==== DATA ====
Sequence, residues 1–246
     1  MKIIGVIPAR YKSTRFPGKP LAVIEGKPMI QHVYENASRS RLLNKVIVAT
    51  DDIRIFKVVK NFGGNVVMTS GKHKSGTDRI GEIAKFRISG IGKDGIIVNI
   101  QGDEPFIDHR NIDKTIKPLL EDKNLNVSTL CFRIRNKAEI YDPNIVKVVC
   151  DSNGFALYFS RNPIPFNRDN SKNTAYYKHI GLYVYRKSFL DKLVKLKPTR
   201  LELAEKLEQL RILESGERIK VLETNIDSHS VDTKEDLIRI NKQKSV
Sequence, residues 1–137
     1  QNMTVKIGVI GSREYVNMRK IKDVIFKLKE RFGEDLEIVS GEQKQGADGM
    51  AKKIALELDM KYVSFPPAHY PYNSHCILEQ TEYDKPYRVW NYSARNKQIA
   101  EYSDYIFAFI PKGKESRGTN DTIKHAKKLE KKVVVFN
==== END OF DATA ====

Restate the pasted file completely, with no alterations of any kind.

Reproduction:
Sequence, residues 1–246
     1  MKIIGVIPAR YKSTRFPGKP LAVIEGKPMI QHVYENASRS RLLNKVIVAT
    51  DDIRIFKVVK NFGGNVVMTS GKHKSGTDRI GEIAKFRISG IGKDGIIVNI
   101  QGDEPFIDHR NIDKTIKPLL EDKNLNVSTL CFRIRNKAEI YDPNIVKVVC
   151  DSNGFALYFS RNPIPFNRDN SKNTAYYKHI GLYVYRKSFL DKLVKLKPTR
   201  LELAEKLEQL RILESGERIK VLETNIDSHS VDTKEDLIRI NKQKSV
Sequence, residues 1–137
     1  QNMTVKIGVI GSREYVNMRK IKDVIFKLKE RFGEDLEIVS GEQKQGADGM
    51  AKKIALELDM KYVSFPPAHY PYNSHCILEQ TEYDKPYRVW NYSARNKQIA
   101  EYSDYIFAFI PKGKESRGTN DTIKHAKKLE KKVVVFN